| 10 | == Examples == |

| 11 | |

| 12 | one area where this is particularly useful is when dealing with monad transformers. for example the jhc typechecking monad is declared as follows |

| 13 | {{{ |

| 14 | data TcEnv = TcEnv { ... } |

| 15 | |

| 16 | newtype TI a = TI (ReaderT TcEnv IO a) |

| 17 | deriving(Monad,MonadFix,MonadIO,MonadReader TcEnv,Functor) |

| 18 | }}} |

| 19 | and we end up with a complete monad with every interesting instance defined |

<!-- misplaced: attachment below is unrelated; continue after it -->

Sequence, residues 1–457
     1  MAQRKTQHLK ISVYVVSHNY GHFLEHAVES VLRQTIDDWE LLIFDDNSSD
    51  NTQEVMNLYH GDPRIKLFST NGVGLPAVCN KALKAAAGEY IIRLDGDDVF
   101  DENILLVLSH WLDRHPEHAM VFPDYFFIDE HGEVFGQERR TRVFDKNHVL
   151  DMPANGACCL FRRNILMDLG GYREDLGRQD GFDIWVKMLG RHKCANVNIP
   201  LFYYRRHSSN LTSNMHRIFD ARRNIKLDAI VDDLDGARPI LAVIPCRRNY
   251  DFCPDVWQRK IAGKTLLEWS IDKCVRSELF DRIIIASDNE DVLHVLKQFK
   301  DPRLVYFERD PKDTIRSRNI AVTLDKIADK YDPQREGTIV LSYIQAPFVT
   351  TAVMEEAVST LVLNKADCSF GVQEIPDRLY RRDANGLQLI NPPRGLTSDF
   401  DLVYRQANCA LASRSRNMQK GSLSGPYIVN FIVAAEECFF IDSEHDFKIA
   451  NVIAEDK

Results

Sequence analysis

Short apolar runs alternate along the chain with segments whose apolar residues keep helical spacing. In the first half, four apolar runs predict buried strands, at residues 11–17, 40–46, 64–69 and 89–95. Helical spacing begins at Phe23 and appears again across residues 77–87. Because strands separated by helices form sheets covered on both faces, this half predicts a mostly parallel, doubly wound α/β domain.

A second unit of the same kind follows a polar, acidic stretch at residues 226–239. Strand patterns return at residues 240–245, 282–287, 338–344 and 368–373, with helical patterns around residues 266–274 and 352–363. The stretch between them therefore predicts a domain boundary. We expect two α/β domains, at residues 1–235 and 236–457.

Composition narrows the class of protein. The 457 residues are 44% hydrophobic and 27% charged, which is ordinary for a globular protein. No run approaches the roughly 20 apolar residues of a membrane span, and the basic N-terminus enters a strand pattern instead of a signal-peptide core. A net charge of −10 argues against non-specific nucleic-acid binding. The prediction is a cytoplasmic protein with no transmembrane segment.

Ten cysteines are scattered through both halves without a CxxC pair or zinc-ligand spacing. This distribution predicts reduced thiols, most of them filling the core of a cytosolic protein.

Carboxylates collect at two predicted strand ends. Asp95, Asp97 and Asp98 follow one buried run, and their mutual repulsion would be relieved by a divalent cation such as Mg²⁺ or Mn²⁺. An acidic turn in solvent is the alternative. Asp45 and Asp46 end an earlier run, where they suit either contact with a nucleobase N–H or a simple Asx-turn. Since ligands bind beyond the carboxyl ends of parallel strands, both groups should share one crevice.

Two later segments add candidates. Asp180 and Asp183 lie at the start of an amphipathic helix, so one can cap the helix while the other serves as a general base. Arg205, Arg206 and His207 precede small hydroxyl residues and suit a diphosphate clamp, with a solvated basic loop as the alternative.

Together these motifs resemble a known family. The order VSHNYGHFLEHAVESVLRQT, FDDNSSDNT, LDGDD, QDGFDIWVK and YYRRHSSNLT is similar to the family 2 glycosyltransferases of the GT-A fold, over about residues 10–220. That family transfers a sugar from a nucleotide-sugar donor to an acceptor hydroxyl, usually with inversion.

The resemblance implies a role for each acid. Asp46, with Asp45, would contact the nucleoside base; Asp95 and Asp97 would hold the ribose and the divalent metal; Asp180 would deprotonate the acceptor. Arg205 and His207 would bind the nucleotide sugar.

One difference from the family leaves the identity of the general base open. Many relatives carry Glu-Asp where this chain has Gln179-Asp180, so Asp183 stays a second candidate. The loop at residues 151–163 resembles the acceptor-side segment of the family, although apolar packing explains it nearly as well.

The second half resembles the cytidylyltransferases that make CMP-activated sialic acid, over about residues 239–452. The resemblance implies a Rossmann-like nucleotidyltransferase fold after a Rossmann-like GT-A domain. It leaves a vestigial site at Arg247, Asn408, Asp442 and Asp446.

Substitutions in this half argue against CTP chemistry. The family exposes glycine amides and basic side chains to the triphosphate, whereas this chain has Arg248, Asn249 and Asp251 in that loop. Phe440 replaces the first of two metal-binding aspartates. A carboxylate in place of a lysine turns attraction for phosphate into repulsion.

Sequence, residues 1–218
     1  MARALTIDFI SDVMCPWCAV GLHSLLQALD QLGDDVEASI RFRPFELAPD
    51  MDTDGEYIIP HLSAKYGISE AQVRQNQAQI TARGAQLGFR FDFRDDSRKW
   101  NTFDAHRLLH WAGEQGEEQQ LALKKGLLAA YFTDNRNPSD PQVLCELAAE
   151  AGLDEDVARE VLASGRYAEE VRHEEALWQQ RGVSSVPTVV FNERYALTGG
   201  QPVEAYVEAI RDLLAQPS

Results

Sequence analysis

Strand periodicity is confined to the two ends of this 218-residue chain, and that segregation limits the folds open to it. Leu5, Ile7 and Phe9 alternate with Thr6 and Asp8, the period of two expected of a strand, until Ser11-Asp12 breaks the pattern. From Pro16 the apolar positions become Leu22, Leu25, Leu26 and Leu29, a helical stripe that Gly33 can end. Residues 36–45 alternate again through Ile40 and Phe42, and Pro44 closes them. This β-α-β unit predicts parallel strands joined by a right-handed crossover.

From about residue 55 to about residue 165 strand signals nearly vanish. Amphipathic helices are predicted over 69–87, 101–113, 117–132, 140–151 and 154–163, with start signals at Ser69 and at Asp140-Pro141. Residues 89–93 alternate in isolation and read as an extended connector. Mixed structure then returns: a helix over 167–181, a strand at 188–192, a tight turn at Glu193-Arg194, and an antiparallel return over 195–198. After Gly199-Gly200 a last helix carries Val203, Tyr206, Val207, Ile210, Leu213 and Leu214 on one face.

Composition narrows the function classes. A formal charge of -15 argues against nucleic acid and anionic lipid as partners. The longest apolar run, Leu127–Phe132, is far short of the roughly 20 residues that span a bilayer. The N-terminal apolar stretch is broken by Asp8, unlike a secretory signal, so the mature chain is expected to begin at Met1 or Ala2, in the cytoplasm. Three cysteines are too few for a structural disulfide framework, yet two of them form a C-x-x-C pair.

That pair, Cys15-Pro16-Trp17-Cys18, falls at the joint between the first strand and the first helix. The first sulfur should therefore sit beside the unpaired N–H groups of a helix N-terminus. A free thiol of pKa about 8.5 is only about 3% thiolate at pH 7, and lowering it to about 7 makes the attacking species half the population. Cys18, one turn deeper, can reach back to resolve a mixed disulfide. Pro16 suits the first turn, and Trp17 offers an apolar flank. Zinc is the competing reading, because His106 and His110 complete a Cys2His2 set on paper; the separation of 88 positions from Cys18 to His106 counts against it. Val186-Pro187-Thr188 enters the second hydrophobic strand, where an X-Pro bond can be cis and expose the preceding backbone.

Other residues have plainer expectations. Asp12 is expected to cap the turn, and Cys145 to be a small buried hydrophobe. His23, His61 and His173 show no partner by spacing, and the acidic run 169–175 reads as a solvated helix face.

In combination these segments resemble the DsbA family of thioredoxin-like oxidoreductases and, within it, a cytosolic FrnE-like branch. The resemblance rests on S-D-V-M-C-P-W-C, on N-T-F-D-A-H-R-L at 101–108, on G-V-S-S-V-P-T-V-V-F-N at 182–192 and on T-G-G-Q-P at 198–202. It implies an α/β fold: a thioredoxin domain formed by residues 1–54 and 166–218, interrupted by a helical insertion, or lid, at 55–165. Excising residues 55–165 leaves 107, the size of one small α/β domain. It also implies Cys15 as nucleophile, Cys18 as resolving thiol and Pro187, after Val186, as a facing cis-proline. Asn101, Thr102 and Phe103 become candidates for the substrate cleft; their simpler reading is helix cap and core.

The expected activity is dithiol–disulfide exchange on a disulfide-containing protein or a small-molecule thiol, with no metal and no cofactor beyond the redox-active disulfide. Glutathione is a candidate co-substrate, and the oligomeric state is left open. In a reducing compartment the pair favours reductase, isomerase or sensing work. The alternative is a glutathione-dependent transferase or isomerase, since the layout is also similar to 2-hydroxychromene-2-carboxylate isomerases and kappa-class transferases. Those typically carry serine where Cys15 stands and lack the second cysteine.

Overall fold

| 20 | for free. |

| 21 | |

| 22 | It is also good for selectively hiding properties of monad transformers |

| 23 | |

| 24 | {{{ |

| 25 | -- | Unique integer generator monad transformer. |

| 26 | newtype UniqT m a = UniqT (StateT Int m a) |

| 27 | deriving(Monad,MonadTrans, Functor, MonadFix, MonadPlus) |

| 28 | }}} |

| 29 | |

| 30 | notice that while it uses a state transformer internally, the MonadState class |

| 31 | is intentionally left out of the deriving clause. this means that calls to the |

| 32 | state monad will pass through the UniqT making stacking monads signifigantly |

| 33 | easier. |

| 34 | |